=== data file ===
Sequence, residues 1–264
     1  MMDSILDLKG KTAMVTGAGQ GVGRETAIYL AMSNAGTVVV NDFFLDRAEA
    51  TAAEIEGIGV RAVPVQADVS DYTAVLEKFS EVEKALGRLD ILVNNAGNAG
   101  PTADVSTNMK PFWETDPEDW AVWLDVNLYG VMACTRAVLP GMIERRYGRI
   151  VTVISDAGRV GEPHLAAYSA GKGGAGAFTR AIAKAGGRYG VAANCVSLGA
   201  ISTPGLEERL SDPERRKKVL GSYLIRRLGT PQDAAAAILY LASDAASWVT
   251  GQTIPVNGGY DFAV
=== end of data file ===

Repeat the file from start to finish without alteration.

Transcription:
Sequence, residues 1–264
     1  MMDSILDLKG KTAMVTGAGQ GVGRETAIYL AMSNAGTVVV NDFFLDRAEA
    51  TAAEIEGIGV RAVPVQADVS DYTAVLEKFS EVEKALGRLD ILVNNAGNAG
   101  PTADVSTNMK PFWETDPEDW AVWLDVNLYG VMACTRAVLP GMIERRYGRI
   151  VTVISDAGRV GEPHLAAYSA GKGGAGAFTR AIAKAGGRYG VAANCVSLGA
   201  ISTPGLEERL SDPERRKKVL GSYLIRRLGT PQDAAAAILY LASDAASWVT
   251  GQTIPVNGGY DFAV